Second, the milieu that we are entering is one based on collaboration. Is one based on partnering to produce innovation, to create new. It is where the economy, in broad terms, is dynamic and changing fast. Where two heads will always be better than one.

Third, a growing trend in business application are those geared toward enhancing “virtual” collaboration. Its moving away from email and physical meetings toward categories such as cloud-based file sharing & other enterprise apps. Toward a greater use of social media.

And so, how easy is it for “the business” to collaborate using the tools that IT provide? How quickly can users respond to changes in their business environment?

To continue realising the real gains from strategic planning, are those plans including IT that will facilitate the “two heads are better than one” approach?

For more, see Dellium Advisory, follow me on Twitter, see my organisational strategy blog Strategy, or connect with me on LinkedIn

Posted June 10, 2014 by terop in Architecture, Cloud Computing, ICT Strategy, Innovation

IT Spend – cost reduction or profit growth?   1 comment

Through a recent research mini-thesis I began to understand the view of management toward IT within a business. That management had the choice of viewing IT as either a cost centre or a profit centre. As a necessary evil, or as profoundly important to the future of the business.

If IT is a cost centre, well – just focus on efficiencies. Just make sure that you get the best value for money. That each of those computing clock cycles is used optimally and that none is wasted.

IT from this perspective is just a back-office operation. Things just need to run smoothly, efficiently and cheaply.

However, if IT is a profit centre – then focus on growth, on opportunities, on exploiting new ways of doing things. The effort is investment for bigger payoff. Its about using IT to improve, even create, intellectual property. That each of those computing clock cycles goes toward multiplying the effect of the investment.

IT from this perspective is for front-of-house. Its aligned to who you are as a business.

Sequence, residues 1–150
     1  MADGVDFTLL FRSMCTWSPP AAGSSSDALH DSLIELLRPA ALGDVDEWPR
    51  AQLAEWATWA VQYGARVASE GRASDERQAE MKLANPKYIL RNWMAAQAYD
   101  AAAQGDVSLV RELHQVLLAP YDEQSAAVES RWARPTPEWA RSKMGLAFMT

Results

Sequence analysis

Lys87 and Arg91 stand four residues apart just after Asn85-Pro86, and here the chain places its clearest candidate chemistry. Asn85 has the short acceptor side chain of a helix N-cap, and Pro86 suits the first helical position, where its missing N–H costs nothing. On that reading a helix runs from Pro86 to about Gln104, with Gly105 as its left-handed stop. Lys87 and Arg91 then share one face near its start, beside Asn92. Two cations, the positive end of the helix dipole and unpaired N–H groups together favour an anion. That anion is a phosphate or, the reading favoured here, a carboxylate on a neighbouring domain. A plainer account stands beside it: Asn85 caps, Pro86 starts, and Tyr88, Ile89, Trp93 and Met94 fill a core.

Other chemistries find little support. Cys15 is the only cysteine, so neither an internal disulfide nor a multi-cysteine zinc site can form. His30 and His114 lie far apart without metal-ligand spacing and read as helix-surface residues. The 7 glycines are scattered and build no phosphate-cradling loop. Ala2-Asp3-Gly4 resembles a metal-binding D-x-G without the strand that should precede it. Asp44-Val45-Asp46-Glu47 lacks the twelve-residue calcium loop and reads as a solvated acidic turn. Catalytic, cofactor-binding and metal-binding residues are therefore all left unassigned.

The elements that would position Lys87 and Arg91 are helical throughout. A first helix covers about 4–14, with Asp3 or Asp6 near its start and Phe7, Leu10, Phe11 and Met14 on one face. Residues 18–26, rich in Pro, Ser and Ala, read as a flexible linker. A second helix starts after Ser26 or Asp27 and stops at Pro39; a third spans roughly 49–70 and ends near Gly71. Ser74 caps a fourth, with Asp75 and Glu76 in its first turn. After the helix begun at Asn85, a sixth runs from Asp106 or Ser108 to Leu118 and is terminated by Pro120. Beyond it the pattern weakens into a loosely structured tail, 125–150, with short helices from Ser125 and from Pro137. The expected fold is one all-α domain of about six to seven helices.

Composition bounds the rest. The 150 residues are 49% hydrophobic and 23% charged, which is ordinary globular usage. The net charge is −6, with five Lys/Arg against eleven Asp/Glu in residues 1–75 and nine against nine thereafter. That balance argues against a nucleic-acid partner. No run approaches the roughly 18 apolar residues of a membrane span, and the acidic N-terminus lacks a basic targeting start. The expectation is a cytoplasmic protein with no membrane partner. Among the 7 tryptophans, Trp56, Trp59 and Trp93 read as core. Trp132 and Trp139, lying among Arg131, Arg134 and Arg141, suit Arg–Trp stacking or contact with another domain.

How, may I ask, is IT viewed in your business?

For more, see Dellium Advisory, follow me on Twitter, see my organisational strategy blog Strategy, or connect with me on LinkedIn

Posted May 28, 2014 by terop in ICT Strategy, Innovation, Leadership, Technologies

How complex does your IT need to be? Try SaaS   Leave a comment

Exactly what business are you in?

Do you have an army of HR professionals, an array of people looking after accounts payed and received?

No? Well, why do you have an extensive group of IT professionals?

If you don’t and your IT isn’t working properly – that may be the reason. But that’s a topic for another day.

Asking from a different perspective, how may applications do you have? How complex is your business model?

Could your back-office functions be all done in one package and that package hosted on the internet?

You see, SaaS – software as a service – is just that. It’s a package, an application that is hosted by a vendor you trust that does the work you need it to do. Instead of that application being hosted internally, with all the attendant support and upgrade needs, all of the “lights-on” activity is taken care by that third party.

But, as with everything in IT, its just not that simple. There is the security of your data to consider. There are the linkages to other applications. There are some considerations around how close that data is in that potentially hosted application to your key intellectual property, how critical it is to your continued operation.

SaaS, that top layer, may be for you.

For more, see Dellium Advisory, follow me on Twitter, or connect with me on LinkedIn

Got great computing ideas? Need IT infrastructure cost reduction? Well, try PaaS!   Leave a comment

Here’s some questions to ponder:

How much are you spending on IT infrastructure?
How do you currently develop applications?
How do you improve what you have?
What platforms do you have for those great ideas?

Well, PaaS – Platform as a Service – might be right for you.

With PaaS you don’t need to worry about the servers, the network, the storage and all of the trouble associated with these three. The provider takes care of that for you.

With PaaS you get a suite of tools and an application hosting environment.

So, how does this apply to you? Well, if you are in a standard IT shop – it may be that a lot of the infrastructure support costs could be done away with by reframing your cloud computing model search away from looking at the whole IT stack (applications, data & technology) to just the application and data layers.

That 70-80% of your IT budget which is spent on just keeping the lights going, could well drop significantly if you choose the right cloud computing model.

And what of your application developing, testing and deployment environment? Is it just on that Office PC or do you have to “fight” for resources on the virtual server farm. By considering PaaS a bit more robustness may be achieved for your work.

For more, see Dellium Advisory, follow me on Twitter, or connect with me on LinkedIn